Here’s a well-done Hammer-styled “cash-in” of Horror of Dracula, interestingly enough done by a US production company and released by Universal (Universal-International in those days), which of course was the company that did all those great classic horror films that Hammer eventually updated with great success.
It is too bad that this film has been so neglected that it cannot be seen except on worn-out and ridiculously expensive factory VHS tapes that are rare, or on DVD duplicates made off of faded 16mm film prints. I saw this 30 years ago on TV from a good 35mm print and remember that the colors were great, but the recent 16mm dupe I saw was really faded. Still, increase the TV color saturation, and it’s way better than nothing at all. (UPDATE: I thought I’d better update this now that a factory DVD has been recently released. No longer do you have to pay way too much to see this.)
The few occasional lapses in logic notwithstanding, this is bound to please any fan of the early Hammer horror films, and Donald Wolfit does a great turn as the doctor who has become a sort of living vampire. Though there are no real supernatural elements, this film tops many others without having to rely upon the fantastic to carry it. A fabulous beginning title sequence is followed by a great scene where the vampire-doctor is revived, with his misshapen servant beside him, and then a large bat flies out from the ceiling rafters. You would swear it was an actual bat, and then wonder how did they get it to do it just right?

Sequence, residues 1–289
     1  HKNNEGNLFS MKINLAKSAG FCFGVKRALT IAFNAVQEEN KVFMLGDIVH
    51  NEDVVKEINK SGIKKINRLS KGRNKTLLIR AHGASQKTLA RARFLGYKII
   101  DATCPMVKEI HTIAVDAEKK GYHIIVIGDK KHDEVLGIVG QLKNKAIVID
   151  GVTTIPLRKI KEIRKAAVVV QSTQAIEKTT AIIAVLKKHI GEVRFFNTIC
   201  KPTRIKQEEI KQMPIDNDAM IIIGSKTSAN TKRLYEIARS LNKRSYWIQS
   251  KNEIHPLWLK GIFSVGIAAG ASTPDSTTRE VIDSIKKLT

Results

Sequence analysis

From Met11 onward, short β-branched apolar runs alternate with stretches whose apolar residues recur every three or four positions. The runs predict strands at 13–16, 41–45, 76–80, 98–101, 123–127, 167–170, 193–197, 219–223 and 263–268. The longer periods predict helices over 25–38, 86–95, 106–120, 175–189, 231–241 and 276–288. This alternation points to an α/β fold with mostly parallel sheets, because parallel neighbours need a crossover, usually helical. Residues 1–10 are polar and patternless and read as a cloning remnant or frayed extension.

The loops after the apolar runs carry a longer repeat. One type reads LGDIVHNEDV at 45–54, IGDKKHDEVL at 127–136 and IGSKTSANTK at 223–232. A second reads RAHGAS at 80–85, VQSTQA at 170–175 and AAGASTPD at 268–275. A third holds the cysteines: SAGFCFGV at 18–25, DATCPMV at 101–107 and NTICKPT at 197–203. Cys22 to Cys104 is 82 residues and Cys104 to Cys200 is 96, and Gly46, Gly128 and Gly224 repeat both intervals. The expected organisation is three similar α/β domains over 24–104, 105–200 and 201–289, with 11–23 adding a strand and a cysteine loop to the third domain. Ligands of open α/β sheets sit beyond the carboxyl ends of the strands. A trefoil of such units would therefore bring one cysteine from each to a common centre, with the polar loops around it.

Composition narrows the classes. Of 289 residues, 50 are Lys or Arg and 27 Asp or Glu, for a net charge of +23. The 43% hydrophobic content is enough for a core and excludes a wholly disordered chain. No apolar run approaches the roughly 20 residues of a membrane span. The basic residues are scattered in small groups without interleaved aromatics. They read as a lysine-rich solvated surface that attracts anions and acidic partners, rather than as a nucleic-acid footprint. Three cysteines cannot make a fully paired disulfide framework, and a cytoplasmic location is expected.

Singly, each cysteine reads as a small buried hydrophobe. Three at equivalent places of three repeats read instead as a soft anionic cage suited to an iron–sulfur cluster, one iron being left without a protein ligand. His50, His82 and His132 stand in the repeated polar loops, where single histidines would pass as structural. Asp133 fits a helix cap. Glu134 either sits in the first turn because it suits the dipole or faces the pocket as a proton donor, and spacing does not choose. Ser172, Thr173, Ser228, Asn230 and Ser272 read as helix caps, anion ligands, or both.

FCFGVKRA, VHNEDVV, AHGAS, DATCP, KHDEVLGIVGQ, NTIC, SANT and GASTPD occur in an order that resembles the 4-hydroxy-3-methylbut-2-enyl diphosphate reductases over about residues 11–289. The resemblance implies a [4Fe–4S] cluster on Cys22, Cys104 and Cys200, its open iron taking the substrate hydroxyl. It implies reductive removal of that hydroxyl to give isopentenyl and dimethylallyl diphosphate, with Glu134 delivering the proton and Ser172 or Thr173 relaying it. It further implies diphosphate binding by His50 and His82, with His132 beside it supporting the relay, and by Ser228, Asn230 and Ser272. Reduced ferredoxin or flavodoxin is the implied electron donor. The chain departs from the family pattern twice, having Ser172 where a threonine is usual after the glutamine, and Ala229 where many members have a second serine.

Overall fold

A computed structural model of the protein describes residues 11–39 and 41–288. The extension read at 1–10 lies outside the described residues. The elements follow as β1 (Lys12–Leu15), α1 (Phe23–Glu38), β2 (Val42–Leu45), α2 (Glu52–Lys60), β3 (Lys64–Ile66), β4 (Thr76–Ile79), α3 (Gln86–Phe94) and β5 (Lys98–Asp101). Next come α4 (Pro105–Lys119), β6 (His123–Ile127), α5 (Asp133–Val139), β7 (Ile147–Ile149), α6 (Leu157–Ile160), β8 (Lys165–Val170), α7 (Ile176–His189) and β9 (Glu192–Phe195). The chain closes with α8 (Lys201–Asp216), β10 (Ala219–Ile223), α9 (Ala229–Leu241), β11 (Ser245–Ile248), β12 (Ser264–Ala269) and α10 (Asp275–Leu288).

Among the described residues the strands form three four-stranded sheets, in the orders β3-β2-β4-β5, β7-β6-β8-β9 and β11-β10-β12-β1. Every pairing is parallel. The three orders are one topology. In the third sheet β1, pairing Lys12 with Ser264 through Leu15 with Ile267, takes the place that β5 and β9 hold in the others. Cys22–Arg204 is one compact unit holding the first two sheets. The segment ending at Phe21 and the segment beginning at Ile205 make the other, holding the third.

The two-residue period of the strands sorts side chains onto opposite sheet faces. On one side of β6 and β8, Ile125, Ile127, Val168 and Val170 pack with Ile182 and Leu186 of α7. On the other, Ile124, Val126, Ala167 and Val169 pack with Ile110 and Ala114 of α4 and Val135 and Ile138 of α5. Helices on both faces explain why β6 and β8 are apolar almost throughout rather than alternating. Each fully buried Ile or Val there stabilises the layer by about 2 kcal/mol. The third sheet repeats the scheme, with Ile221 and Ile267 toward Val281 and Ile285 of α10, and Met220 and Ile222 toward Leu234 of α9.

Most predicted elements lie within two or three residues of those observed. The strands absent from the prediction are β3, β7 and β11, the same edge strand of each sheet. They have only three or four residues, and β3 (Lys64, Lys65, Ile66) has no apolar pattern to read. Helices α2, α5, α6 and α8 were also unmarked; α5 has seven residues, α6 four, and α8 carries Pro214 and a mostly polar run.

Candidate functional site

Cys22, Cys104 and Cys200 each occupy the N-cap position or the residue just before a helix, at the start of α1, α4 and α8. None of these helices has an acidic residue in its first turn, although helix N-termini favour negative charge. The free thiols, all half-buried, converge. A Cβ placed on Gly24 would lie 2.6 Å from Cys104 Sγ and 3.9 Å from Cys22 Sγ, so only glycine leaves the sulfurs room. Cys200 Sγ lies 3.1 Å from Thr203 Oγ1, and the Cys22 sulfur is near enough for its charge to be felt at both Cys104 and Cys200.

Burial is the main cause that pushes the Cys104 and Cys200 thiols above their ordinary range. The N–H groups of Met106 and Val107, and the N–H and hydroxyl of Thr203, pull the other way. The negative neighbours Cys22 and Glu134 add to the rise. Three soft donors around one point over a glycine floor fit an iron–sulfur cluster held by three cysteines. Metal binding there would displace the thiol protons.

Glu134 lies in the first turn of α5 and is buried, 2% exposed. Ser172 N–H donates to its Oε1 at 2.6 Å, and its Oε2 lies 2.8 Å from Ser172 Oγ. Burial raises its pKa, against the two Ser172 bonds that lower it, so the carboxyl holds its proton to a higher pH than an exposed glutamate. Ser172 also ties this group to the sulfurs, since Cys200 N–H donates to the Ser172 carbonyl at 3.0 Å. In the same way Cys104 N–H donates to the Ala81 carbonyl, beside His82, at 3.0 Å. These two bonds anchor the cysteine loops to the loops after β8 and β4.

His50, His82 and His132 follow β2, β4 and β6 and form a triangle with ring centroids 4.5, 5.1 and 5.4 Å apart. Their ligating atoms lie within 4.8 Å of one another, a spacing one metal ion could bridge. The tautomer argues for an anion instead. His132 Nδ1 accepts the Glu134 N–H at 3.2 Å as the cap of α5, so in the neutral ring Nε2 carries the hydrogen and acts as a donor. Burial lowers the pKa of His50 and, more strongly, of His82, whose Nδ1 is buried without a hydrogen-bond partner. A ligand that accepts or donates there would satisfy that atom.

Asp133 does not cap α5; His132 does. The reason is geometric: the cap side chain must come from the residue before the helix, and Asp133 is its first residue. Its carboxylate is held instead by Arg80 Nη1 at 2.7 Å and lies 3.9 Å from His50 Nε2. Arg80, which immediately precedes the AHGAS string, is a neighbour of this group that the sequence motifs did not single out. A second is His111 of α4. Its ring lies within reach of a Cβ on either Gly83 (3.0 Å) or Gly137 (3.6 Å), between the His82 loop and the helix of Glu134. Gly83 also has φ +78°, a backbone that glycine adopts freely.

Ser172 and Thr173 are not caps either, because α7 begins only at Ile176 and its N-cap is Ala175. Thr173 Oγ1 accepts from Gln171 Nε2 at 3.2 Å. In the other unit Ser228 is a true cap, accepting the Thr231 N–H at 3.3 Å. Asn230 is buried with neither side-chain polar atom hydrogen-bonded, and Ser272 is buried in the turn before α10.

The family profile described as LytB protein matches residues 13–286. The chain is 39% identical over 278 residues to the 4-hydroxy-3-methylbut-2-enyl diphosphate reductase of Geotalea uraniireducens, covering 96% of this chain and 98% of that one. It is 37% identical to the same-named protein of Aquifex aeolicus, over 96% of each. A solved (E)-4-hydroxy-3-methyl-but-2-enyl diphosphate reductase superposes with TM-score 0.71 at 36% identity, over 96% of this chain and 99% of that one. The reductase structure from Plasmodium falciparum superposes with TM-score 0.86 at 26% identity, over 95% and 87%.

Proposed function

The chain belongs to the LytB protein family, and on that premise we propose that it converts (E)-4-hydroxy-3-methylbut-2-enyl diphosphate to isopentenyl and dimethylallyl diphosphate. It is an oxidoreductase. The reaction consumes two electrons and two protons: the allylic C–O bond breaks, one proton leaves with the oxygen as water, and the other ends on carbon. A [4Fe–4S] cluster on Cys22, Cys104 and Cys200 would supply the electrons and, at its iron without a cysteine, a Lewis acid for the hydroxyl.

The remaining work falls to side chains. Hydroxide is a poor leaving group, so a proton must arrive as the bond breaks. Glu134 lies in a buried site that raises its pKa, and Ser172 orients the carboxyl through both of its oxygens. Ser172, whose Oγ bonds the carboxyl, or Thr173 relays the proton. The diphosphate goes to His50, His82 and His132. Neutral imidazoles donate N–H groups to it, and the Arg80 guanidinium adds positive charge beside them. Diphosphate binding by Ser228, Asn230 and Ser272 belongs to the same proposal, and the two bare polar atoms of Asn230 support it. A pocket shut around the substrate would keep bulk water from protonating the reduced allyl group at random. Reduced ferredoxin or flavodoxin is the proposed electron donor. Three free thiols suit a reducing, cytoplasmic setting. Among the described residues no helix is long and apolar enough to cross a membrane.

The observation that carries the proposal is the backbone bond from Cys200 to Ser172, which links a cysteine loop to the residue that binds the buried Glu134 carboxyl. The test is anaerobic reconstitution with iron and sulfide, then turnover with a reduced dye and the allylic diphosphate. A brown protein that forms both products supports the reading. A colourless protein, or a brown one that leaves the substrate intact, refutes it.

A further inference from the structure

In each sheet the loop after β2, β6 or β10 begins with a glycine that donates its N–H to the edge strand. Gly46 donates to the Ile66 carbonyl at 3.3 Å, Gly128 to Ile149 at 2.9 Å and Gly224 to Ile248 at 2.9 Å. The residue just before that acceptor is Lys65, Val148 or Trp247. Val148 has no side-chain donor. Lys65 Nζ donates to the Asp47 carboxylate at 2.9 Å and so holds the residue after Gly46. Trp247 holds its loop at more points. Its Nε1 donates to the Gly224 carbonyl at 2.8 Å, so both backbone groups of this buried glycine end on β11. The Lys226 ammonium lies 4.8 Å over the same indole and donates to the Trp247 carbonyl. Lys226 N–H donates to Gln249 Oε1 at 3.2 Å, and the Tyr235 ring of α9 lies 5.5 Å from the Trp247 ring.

As an example of the attention to detail you’ll see here: during a conversation between two prisoners, a rat scurries behind one unnoticed and for no other reason than to show that the place is a squalid jail cell. Nobody sees it, yells or stomps on it, or anything you’d expect to happen in another film. It’s just there and passes by. Now that’s real set design!